FQ: In your bio, you share that you have worked as a business and financial journalist, a magazine writer and editor, a website manager, a public relations consultant, and a seaman in the U.S. Merchant Marine, in addition to your work as an author. If you had to choose just one occupation as your favorite, which one would it be and why?
KORETO: Good one! I've always liked what I was doing, and sometimes they overlapped. In my long-ago youth, I loved Isaac Asimov, who moved seamlessly between fiction and nonfiction. I'm proud of the many articles I wrote and the novels and short stories. At this point in my life, my greatest joy is writing fiction, but who knows if that will change again someday.
FQ: As the Turnbull House and Turnbull Island are both fictitious, where would you credit the inspiration behind these amazing locations that provide such a stunning backdrop for the story of The Turnbull Murders?
KORETO: I grew up in New York City and was familiar with the harbor—I've visited both Ellis Island and Liberty Island. So I know the area, I know what the harbor looks like and what the views are. That's what made my invention possible—it's based on what I know. I'm hardly the first writer to invent island scenes: Another book that influenced me was James Michener's "Tales of the South Pacific," set in a region he knew well from his World War II service. He won a richly deserved Pulitzer for that.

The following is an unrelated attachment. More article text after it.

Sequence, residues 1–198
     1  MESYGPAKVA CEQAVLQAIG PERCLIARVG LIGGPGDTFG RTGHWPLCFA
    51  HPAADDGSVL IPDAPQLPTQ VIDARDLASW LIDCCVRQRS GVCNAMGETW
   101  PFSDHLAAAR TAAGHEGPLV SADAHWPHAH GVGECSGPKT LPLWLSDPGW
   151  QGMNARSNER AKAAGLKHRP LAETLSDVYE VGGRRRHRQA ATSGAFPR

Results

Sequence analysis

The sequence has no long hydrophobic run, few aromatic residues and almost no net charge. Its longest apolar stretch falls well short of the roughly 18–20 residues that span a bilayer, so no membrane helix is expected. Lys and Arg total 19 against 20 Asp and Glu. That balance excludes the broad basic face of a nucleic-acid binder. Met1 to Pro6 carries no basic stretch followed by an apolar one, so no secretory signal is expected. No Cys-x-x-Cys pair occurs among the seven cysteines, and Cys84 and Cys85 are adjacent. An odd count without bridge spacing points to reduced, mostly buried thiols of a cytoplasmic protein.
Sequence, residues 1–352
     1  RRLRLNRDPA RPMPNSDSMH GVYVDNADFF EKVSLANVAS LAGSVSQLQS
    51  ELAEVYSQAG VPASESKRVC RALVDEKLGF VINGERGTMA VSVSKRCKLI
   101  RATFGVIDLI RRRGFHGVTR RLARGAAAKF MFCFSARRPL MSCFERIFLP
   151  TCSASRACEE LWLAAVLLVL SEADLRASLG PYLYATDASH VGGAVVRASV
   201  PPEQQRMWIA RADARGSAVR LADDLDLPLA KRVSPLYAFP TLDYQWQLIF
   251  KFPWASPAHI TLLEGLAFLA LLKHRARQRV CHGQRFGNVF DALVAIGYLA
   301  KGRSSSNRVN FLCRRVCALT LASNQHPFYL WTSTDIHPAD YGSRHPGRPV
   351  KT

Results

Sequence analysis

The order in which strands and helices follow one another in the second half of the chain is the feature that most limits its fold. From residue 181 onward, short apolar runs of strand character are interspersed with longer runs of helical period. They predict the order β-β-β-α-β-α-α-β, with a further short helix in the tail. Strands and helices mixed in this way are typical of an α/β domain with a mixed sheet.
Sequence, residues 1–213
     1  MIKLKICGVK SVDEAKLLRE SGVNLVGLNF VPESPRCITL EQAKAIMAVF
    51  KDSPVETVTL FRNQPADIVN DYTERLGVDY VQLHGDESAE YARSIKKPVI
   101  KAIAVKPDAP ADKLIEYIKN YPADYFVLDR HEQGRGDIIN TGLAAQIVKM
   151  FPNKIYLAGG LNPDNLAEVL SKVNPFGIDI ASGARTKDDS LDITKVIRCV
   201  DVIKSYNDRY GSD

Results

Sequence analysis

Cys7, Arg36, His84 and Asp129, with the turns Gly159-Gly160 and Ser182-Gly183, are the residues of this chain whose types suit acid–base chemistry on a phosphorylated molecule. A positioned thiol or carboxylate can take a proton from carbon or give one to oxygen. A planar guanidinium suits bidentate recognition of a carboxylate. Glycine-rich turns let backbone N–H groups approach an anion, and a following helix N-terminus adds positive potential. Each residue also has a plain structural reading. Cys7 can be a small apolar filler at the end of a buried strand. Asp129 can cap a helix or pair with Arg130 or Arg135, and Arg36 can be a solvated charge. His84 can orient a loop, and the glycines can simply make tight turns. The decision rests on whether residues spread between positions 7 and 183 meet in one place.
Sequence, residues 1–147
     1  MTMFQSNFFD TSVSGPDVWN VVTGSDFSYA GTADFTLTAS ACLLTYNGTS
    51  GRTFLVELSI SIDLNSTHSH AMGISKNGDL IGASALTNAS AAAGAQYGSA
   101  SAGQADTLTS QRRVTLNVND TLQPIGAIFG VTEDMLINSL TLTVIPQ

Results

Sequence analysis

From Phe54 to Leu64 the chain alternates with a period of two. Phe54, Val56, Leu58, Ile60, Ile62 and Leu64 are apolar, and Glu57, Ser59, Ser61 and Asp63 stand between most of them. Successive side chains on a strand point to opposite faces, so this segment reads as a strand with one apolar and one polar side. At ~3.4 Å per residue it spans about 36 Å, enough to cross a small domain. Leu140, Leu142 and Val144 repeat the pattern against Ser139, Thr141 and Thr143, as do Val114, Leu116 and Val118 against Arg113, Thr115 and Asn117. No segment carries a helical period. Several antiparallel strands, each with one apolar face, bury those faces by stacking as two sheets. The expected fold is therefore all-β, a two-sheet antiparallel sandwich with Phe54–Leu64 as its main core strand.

FQ: One of your previous careers was serving as a seaman in the U.S. Merchant Marine. Can you share with your readers a bit about this organization and what your job as a seaman entailed?
KORETO: The Merchant Marine consists of U.S. civilian commercial ships and those who sail them. My ship was the Pacifico, and it was 820 feet long. (In perspective, that was 13 times as long as Columbus's Santa Maria.) We sailed from New York into the Mediterranean and Black seas: Cadiz, Livorno, Alexandria and Constanza. I was an "ordinary seaman," the lowest rank. The work was fairly menial but the experience was astonishing. Who knows—maybe someday I'll be a good enough writer to put that experience down on paper!